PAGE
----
Working on Health Optimization: a Major Goal for Health Maintenance
Isabela M. B. David, M.D.
Some years ago—let’s say, for sure, some decades ago—a “good physician” was considered the one who would request a few laboratory tests for a patient and they would show progress. One could say he got it right, to a point, concerning disease.
However, in the 21st century, when we have moved the focus of preventive care from prevention of diseases to health maintenance, we believe that the “good physician” may be considered the one that aims at keeping all the test results basically normal. Actually, more than that: optimal. In fact, keeping the eyes on optimal test results is a major goal for Age Management practitioners. For that, even if we still have the established reference ranges, we’ve got to have our own interpretation of the tests we are used to from a different, more detailed standpoint than in the general practice. Some normal results must be seen as subnormal, which are, indeed, still different from abnormal. Some results may also be considered critical: that is, those that demand some urgent and immediate action.
A personal interpretation of laboratory tests in Age Management
Working as a clinical nutrition practitioner—but one who has developed some ideas on Age Management since 2005 when I came across an article by Paolo Giacomoni (PhD) on Aging(1)—I recently had a new patient who had a history of HbA1c levels at 5.6% in 2008, but he was told nothing over the period of 11 years. I mean, he was not instructed on how to improve his condition before having diabetes utterly manifested in 2019 with HbA1c levels at 7.9%. Presumably, an Age Management Medicine practitioner would have worked on getting his HbA1c levels down do normal/optimal levels from the first meeting in 2008 and he would never have become diabetic. That’s the idea.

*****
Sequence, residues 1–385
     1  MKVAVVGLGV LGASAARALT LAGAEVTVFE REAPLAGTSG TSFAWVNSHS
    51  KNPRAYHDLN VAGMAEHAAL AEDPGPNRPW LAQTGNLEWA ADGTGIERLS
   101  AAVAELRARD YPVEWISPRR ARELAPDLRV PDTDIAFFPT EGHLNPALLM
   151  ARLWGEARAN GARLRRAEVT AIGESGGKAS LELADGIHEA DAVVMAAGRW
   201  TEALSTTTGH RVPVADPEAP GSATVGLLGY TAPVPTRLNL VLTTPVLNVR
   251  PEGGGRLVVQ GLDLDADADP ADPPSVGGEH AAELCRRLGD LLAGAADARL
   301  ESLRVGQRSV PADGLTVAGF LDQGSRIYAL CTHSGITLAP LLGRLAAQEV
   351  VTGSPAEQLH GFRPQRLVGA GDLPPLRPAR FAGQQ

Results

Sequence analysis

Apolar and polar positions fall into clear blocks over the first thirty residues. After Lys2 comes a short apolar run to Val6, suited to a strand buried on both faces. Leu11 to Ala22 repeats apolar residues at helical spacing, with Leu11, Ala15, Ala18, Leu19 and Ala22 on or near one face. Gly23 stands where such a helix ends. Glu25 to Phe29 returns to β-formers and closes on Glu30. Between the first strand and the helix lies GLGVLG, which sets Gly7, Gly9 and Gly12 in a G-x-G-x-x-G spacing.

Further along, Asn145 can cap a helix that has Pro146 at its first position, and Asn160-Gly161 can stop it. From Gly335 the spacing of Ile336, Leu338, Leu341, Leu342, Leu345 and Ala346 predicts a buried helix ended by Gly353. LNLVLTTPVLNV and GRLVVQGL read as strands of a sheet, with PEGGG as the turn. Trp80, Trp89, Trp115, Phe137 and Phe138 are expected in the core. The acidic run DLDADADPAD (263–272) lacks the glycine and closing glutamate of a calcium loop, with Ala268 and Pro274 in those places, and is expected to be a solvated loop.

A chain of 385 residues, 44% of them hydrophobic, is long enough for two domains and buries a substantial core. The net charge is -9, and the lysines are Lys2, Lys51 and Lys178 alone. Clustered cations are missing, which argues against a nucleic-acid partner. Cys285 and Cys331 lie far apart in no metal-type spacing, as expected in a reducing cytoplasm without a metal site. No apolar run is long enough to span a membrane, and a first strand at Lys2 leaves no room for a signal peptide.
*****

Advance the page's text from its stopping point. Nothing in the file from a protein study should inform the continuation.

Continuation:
Let’s have a look at some examples:
HbA1c (glycated hemoglobin) test (%)
HbA1c is a marker of long term oxidative stress and reflects the levels of glycation in the blood. According to Barry Sears, PhD, a leading authority on the dietary control of hormonal and inflammatory responses and considered the founder of anti-inflammatory nutrition, the ideal range is between 4.9 – 5.1%*. This corresponds to an estimated blood sugar level of 90-95 mg/dl1*. In any case, it is important to make known to all patients, regardless of his/her HbA1c levels, how to avoid glycation with the right choice of foods and, possibly, some dietary supplements. But, considering that we will not always get the patient’s attention in non-risky situations, we’ve got to have a straightforward approach to know exactly what to do in each case.
One important recommendation to be considered is: total dietary carbohydrate (kcal) / total dietary protein (kcal) must be ≤ 1.3 (40/30). That’s because there is a specific anti-inflammatory diet for insulin control that proposes a macronutrient composition of 40% of the energy from carbohydrate, and 30% of the energy each from protein and fat(2, 3). It is considered a low glycemic load diet(2). Below you can see how I interpret HbA1c test results in my clinical practice.
|Test result 4.9 to 5.1% (optimal):||He/she is doing fine.|
|Test result 5.2 to 5.4% (normal):||He/she is doing fine, but I will try to identify in which situation glycation is happening and get HbA1c levels down to the optimal range.|
|Test result 5.5 to 5.6% (subnormal):||He/she must be alert that things are not working fine and, if glycation continues rising up, he/she will get into the risk area. Glycation must be reversed, with HbA1c levels falling down ideally to the optimal range.|
|Test result 5.7 to 6.4% (risk or critical area):||The importance of immediate treatment has to be made clear to the patient and appointments on a regular basis must be proposed until the results fall down progressively, ideally to the optimal range.|